- Patients in whom oxytocic drugs are contraindicated or when prolonged contraction of the uterus may be detrimental to fetal safety or uterine integrity, such as previous cesarean section or major uterine surgery (see PRECAUTIONS and ADVERSE REACTIONS).
- Patients already receiving intravenous oxytocic drugs.
- Multipara with 6 or more previous term pregnancies."

"Warnings
Women aged 30 years or older, those with complications during pregnancy and those with a gestational age over 40 weeks have been shown to have an increased risk of postpartum disseminated intravascular coagulation. In addition, these factors may further increase the risk associated with labor induction (See ADVERSE REACTIONS, Post-marketing surveillance). Therefore, in these women, use of dinoprostone should be undertaken with caution. Measures should be applied to detect as soon as possible an evolving fibrinolysis in the immediate post-partum period.
The Clinician should be alert that use of dinoprostone may result in inadvertent disruption and subsequent embolization of antigenic tissue causing in rare circumstances the development of Anaphylactoid Syndrome of Pregnancy (Amniotic Fluid Embolism)."

"Precautions
General: Since prostaglandins potentiate the effect of oxytocin, Cervidil must be removed before oxytocin administration is initiated and the patient's uterine activity carefully monitored for uterine hyperstimulation. If uterine hyperstimulation is encountered or if labor commences, the vaginal insert should be removed. Cervidil should also be removed prior to amniotomy.
Cervidil is contraindicated when prolonged contraction of the uterus may be detrimental to fetal safety and uterine integrity. Therefore, Cervidil should not be administered to patients with a history of previous cesarean section or uterine surgery given the potential risk for uterine rupture and associated obstetrical complications, including the need for hysterectomy and the occurrence of fetal or neonatal death.

2. Drug Interactions: Cervidil may augment the activity of oxytocic agents and their concomitant use is not recommended. A dosing interval of at least 30 minutes is recommended for the sequential use of oxytocin following the removal of the dinoprostone vaginal insert. No other drug interactions have been identified."

"Post-marketing surveillance:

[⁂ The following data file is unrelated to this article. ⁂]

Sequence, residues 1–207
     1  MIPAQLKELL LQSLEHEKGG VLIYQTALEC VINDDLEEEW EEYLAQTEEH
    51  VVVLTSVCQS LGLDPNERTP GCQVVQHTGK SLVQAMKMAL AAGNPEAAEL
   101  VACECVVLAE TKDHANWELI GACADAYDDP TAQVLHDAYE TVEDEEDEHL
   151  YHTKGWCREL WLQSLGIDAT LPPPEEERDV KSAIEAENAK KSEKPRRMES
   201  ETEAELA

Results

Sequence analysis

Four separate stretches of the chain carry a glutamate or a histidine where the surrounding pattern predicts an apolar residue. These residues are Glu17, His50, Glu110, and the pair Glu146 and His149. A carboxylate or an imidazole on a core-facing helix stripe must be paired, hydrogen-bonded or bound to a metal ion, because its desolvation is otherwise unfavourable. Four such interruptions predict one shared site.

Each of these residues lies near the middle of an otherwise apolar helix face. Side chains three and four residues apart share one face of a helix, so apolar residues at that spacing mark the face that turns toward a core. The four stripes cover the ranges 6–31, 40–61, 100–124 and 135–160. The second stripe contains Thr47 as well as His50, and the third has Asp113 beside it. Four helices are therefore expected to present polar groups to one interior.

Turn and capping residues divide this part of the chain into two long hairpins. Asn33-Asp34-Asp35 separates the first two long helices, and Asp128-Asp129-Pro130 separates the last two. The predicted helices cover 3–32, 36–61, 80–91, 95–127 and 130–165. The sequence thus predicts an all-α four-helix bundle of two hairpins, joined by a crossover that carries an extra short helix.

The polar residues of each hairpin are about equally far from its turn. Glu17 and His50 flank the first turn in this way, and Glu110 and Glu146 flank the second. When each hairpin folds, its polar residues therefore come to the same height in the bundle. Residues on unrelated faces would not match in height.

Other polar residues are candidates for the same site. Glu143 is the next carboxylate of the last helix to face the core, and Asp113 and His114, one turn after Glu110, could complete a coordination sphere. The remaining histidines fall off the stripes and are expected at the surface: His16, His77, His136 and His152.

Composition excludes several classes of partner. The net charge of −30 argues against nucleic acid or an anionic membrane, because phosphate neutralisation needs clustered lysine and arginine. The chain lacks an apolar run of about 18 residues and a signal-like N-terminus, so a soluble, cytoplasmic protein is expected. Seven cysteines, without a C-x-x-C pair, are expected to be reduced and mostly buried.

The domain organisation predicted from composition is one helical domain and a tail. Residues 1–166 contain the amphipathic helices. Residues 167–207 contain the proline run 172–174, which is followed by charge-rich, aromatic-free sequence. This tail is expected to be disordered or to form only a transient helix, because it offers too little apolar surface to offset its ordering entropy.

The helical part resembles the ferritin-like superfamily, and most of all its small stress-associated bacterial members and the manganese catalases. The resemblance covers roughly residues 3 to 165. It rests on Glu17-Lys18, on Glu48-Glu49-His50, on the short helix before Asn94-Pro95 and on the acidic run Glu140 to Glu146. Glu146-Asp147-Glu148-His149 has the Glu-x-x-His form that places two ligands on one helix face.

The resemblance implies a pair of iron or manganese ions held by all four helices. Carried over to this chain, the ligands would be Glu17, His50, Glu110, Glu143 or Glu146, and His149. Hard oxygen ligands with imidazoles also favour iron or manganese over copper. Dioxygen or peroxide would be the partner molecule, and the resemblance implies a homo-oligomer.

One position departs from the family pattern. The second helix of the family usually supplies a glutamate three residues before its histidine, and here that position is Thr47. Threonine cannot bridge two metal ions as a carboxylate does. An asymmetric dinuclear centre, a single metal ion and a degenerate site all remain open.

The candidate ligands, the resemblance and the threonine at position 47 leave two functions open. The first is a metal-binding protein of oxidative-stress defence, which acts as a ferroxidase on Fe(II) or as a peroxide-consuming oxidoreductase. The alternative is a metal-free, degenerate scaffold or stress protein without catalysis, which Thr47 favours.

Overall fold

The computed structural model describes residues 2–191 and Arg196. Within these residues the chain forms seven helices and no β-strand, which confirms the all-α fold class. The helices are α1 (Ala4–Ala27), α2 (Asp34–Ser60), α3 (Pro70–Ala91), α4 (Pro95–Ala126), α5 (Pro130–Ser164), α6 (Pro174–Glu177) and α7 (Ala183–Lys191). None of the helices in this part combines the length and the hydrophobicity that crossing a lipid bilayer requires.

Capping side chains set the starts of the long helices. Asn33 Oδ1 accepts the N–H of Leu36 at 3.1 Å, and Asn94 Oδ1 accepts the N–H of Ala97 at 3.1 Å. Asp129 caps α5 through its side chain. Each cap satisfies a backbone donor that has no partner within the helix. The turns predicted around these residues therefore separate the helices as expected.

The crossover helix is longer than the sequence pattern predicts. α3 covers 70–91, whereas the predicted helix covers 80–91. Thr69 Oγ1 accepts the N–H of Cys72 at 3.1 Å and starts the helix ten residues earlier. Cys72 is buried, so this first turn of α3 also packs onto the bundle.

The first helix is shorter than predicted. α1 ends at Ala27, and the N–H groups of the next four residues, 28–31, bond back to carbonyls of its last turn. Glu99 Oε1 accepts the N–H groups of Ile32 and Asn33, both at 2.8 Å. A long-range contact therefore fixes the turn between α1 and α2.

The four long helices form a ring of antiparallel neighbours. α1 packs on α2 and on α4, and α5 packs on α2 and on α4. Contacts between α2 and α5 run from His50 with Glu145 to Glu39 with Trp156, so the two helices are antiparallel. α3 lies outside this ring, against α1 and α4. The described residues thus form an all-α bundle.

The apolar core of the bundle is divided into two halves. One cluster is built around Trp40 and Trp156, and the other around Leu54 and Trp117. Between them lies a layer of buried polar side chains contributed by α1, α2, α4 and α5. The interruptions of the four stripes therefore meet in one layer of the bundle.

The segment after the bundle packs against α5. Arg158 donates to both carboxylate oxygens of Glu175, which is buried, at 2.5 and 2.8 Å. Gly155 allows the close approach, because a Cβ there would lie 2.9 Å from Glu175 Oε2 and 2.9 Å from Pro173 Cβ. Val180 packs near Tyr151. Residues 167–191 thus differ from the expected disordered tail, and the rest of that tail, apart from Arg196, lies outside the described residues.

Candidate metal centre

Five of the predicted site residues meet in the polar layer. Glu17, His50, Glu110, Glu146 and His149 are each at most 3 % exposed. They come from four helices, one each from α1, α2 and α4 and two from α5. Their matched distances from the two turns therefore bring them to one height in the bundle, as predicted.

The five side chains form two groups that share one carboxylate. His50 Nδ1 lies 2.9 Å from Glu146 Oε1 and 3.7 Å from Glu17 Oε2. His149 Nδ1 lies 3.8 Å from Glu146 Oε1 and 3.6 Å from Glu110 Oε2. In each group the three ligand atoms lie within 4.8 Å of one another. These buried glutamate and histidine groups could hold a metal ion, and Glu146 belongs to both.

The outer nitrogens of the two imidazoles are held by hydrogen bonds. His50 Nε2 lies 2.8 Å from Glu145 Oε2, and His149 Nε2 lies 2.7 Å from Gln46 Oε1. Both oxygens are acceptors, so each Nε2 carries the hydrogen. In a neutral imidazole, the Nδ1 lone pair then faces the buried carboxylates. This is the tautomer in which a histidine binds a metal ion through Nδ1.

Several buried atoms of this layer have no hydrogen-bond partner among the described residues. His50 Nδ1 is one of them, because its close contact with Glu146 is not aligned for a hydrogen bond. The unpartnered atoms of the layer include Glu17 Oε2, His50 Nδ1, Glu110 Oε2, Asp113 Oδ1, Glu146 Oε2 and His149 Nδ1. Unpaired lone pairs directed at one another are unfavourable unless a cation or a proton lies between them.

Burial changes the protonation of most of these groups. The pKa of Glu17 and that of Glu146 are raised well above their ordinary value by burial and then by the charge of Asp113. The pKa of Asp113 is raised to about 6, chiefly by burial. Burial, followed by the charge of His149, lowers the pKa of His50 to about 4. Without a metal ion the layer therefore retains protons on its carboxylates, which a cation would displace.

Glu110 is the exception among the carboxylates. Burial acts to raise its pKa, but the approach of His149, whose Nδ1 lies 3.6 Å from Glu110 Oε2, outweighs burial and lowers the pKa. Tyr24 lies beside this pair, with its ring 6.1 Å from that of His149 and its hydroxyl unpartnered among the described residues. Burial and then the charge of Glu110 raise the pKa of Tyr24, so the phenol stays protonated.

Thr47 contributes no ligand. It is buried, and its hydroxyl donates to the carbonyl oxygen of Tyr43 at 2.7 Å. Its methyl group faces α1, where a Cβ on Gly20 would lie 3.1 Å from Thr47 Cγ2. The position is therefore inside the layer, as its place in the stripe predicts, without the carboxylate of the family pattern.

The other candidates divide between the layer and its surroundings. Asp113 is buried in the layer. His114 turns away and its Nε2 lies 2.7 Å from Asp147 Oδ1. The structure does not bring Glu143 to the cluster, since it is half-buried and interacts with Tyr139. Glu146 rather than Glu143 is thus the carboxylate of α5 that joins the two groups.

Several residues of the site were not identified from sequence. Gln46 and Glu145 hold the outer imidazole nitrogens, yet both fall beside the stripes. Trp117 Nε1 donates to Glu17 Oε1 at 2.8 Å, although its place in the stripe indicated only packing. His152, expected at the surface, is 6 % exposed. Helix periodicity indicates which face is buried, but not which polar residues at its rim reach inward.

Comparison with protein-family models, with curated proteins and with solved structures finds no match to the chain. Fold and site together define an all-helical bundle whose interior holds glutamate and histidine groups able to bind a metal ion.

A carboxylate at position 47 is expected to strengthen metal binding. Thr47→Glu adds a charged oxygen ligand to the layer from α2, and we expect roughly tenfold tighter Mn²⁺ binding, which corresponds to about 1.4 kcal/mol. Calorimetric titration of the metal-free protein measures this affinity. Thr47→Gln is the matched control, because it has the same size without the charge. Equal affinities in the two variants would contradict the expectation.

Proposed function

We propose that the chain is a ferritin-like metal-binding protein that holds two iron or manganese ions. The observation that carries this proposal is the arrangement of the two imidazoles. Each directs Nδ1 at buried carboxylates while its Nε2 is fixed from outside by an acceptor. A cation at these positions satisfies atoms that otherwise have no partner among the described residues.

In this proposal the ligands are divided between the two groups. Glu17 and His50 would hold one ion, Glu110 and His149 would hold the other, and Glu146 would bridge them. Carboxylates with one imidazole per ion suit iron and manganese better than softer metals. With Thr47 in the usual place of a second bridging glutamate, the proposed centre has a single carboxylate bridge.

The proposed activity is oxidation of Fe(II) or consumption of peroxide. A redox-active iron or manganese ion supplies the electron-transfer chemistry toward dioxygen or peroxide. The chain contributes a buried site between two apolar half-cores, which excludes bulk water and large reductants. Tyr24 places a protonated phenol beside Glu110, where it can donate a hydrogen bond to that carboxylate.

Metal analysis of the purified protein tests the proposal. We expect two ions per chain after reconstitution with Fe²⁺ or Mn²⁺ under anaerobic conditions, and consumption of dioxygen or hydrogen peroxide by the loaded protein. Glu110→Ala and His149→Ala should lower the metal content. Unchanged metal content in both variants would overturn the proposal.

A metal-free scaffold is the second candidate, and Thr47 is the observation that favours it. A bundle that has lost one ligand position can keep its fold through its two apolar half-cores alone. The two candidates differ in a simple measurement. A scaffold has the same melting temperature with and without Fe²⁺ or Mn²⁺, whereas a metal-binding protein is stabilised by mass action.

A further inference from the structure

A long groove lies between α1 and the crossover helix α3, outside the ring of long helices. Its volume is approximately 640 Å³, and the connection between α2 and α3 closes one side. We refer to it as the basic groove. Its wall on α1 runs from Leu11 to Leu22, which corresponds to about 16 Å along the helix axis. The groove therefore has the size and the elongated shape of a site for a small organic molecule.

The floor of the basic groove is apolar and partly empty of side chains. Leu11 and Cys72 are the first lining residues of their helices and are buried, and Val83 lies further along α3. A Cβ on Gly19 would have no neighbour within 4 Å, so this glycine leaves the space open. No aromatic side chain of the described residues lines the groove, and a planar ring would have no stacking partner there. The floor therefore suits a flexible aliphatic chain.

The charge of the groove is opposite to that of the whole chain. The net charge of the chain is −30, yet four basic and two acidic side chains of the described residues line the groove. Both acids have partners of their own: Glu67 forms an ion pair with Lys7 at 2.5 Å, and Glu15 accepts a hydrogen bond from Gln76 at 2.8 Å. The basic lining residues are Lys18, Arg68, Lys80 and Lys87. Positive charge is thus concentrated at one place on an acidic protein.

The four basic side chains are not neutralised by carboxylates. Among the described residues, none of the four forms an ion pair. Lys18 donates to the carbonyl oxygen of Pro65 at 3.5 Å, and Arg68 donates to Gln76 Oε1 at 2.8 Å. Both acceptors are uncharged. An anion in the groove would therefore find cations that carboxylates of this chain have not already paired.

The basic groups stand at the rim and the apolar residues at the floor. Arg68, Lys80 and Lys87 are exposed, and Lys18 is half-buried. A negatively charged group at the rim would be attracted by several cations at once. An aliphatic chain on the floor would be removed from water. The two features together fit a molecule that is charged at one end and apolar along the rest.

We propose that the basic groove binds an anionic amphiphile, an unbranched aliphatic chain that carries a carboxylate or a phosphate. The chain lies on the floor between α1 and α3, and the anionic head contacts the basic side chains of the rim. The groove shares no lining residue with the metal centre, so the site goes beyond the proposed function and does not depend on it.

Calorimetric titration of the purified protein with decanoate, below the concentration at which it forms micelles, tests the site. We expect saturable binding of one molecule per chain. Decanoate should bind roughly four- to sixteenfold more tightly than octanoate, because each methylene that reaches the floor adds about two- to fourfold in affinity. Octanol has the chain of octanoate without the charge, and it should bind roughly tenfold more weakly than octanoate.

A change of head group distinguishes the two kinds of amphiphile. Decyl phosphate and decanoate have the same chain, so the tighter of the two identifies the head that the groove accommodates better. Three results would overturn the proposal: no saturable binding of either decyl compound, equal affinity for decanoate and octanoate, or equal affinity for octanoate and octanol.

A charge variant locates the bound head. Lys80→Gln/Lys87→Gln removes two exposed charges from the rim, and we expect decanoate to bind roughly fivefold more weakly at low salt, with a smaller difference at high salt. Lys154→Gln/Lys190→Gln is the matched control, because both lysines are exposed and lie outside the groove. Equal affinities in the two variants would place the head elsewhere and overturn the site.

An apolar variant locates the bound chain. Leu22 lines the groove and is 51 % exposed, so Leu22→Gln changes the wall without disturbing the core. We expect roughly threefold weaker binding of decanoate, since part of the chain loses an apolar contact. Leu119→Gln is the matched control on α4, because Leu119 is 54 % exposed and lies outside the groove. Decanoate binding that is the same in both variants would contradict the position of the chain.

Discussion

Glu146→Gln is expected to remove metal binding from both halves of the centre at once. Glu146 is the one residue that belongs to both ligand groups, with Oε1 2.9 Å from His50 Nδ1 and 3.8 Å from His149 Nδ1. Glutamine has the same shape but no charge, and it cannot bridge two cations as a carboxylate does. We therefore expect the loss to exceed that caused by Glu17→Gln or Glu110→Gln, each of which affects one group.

Immune System Disorders: Hypersensitivity
Blood and lymphatic system disorders: Disseminated Intravascular Coagulation (See WarningsSection)
Reproductive system: Reports of uterine rupture have been reported in association with use of Cervidil some required a hysterectomy and some resulted in subsequent fetal or neonatal death.
Vascular Disorders: Hypotension
Pregnancy, Puerperium and Perinatal Conditions: Amniotic fluid embolism"
"Contraindications:
Hypersensitivity to dinoprostone, prostaglandins, or any components of the product; patients in whom oxytocic drugs are contraindicated or when prolonged contractions of uterus are considered inappropriate; ruptured membranes; placenta previa; unexplained vaginal bleeding during current pregnancy; when vaginal delivery is not indicated; acute pelvic inflammatory disease; active cardiac, pulmonary, renal, or hepatic disease (suppository only)."

"General advice:
Carefully examine vagina to determine degree of effacement and appropriate length of endocervical catheter to be used for application of gel (10 mm if 50% effaced, 20 mm if no effacement).
Patient should be in dorsal position for administration and remain supine for 15 to 30 min after administration of cervical gel.
Following administration of vaginal suppository, the patient should remain in the supine position for 10 min.
Following administration of the vaginal insert, the patient should remain in a recumbent position for 2 h.
Inserts do not require warming prior to administration.
Suppositories and gel must be brought to room temperature. Do not use external sources of heat (eg, hot water bath, microwave oven) to decrease warming time.
Wait at least 6 to 12 h after administration of gel before using IV oxytocin; a dosing interval of at least 30 min is recommended after removal of insert.
Do not use dinoprostone vaginal suppository for extemporaneous preparation of any other dosage forms or for cervical ripening or other indications in the patient with term pregnancy."

"May augment effect of other oxytocic agents; avoid concomitant use. For the sequential use of oxytocin following dinoprostone cervical gel administration, a dosing interval of 6 to 12 h is recommended. A dosing interval of at least 30 min is recommended for the sequential use of oxytocin following the removal of the dinoprostone vaginal insert."

"Pregnancy Category C. Contraindicated if fetus in utero has reached viability stage except when cervical ripening is indicated."

"Lactation: Undetermined."

"Special Risk Patients
Use with caution in patients with asthma, glaucoma, or raised IOP, hypotension or hypertension, CV or renal or hepatic impairment, anemia, jaundice, diabetes, epilepsy, compromised uterus, infected endocervical lesions, acute vaginitis, in patients with cases of non-vertex or non-singleton presentation, and in patients with a history of previous uterine hypertony.